likes to say that it has been a group effort rather than an individual one) most
people would agree that he is the dynamic entity that has guided the group in
the past nine years. No doubt, he is the general who has marshalled his able
lieutenants into a winning combination. Besides being able to start a company,
Nadar also knows when to discontinue one.

When calculators became highly competitive at low price levels, Nadar made
Microcomp inoperative. IIL was dealing in import of electronic typewriters and
plain paper copiers. There are now manufactured by Network and HRL and
therefore, IIL also become inoperative in 1980. In fact, whenever there is an
adverse or a highly defensive situation, Nadar looks for opportunities.
Adversity is looked upon as an opportunity.

The foremost thing about Nadar is his ability to see opportunities. He moved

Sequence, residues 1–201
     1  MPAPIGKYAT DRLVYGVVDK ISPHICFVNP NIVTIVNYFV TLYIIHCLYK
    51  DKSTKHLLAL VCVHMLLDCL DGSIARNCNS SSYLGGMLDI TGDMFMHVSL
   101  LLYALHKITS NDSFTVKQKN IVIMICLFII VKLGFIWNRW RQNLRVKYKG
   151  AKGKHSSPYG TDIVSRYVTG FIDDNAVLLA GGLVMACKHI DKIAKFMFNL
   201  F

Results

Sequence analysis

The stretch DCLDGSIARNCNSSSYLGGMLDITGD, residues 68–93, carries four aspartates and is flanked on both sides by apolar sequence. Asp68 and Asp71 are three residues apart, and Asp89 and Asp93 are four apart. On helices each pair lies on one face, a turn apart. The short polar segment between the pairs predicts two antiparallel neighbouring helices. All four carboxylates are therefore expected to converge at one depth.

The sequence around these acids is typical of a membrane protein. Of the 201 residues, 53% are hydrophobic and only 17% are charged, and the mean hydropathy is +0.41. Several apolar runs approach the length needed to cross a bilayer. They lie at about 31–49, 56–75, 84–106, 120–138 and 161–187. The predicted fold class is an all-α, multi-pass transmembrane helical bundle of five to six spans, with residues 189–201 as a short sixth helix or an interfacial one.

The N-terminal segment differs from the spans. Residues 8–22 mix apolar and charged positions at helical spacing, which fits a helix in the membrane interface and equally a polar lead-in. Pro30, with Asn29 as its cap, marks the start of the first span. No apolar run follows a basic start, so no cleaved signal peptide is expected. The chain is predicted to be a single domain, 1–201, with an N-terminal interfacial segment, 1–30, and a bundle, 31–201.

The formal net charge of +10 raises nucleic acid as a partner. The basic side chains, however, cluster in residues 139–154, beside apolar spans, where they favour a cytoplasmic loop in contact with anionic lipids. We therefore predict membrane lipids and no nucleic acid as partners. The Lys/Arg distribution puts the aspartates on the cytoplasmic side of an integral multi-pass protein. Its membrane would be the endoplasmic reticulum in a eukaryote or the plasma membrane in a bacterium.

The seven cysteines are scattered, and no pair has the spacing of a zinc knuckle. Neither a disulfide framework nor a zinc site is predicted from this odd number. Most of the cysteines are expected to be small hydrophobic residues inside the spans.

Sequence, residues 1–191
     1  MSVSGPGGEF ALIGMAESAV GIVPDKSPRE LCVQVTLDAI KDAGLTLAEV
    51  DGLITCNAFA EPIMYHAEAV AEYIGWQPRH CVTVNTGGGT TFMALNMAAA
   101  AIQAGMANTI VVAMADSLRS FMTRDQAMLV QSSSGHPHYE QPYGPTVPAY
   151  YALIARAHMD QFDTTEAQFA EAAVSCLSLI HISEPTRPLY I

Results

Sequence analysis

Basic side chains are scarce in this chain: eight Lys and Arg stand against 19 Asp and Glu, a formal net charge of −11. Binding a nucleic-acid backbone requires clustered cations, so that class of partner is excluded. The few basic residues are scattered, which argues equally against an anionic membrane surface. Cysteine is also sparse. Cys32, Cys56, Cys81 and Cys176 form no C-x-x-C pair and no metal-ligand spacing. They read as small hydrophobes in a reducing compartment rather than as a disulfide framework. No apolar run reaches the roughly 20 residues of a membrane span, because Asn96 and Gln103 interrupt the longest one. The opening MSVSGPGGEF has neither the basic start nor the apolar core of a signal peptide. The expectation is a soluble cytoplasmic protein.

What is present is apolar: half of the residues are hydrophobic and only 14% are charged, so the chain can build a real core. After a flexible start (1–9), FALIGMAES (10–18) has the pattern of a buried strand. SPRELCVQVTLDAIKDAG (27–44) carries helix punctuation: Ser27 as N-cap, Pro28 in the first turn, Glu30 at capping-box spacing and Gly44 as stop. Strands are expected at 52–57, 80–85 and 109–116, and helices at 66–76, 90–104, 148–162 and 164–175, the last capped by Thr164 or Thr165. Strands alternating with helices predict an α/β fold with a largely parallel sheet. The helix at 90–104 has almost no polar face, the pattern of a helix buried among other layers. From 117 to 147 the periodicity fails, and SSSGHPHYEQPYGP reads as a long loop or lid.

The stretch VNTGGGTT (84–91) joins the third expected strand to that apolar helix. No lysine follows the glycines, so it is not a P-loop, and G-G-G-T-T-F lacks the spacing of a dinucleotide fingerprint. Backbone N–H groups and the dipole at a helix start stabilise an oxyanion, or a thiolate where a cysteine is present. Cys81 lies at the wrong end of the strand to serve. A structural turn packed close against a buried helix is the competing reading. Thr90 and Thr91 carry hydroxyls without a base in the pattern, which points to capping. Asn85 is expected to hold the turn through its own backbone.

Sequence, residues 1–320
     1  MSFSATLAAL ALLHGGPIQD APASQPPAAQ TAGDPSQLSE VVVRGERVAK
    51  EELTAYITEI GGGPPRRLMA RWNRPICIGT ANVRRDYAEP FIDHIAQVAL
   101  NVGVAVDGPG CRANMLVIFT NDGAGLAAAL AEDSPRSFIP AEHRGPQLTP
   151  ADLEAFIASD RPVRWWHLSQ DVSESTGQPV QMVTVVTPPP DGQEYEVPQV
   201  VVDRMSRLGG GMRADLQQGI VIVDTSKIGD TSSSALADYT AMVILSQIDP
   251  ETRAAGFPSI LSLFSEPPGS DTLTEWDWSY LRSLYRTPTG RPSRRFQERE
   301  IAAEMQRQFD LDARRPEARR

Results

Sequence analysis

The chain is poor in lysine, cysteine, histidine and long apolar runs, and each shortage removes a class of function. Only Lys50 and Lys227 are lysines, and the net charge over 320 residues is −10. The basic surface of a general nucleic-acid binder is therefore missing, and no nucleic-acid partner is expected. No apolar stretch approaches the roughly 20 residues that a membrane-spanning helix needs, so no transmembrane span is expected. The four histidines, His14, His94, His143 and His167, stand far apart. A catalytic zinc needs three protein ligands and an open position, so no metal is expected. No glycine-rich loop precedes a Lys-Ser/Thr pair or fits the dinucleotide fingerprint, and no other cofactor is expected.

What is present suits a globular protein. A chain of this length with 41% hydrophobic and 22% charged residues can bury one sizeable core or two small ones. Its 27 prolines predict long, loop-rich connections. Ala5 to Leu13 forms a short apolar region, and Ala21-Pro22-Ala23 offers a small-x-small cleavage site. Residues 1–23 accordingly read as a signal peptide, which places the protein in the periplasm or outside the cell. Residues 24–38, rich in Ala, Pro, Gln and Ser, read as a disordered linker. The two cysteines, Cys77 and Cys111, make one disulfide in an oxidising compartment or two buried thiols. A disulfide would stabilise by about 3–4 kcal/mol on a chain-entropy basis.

into computers while calculators were doing flourishing business. He was the
first one to cash in on the word processor market. Looking at the opportunities
outside India, Nadar turned to the Far East and became a marketer of computers
and an agent for a number of peripheral manufacturers.

His strategy in Singapore was similar- find out a product positioning slot
and push. FEC stressed on computerization and not computers. This meant
handholding the buyer right through the implementation stage, an activity that
no micro manufacturer was willing to undertake. The response was good. With a
steady growth ever since, FEC has operations in Singapore, People’s Republic
of China, Malaysia, Indonesia, Thailand, Brunei, Pakistan, etc. He foresaw the
opportunity that lay in office products. Companies like Godrej and Remington
continued to sell mechanical typewriters while Network went in for the
electronic typewriter which was sold at an astronomically high price. Push
button telephones, plain paper copiers, test and measuring instruments,
printers, micro film readers, are just some of the products being made by the
group. In a lot of these markets, Nadar entered others even though of it. He
reacts very fasts and very quickly to market conditions. He went into peripheral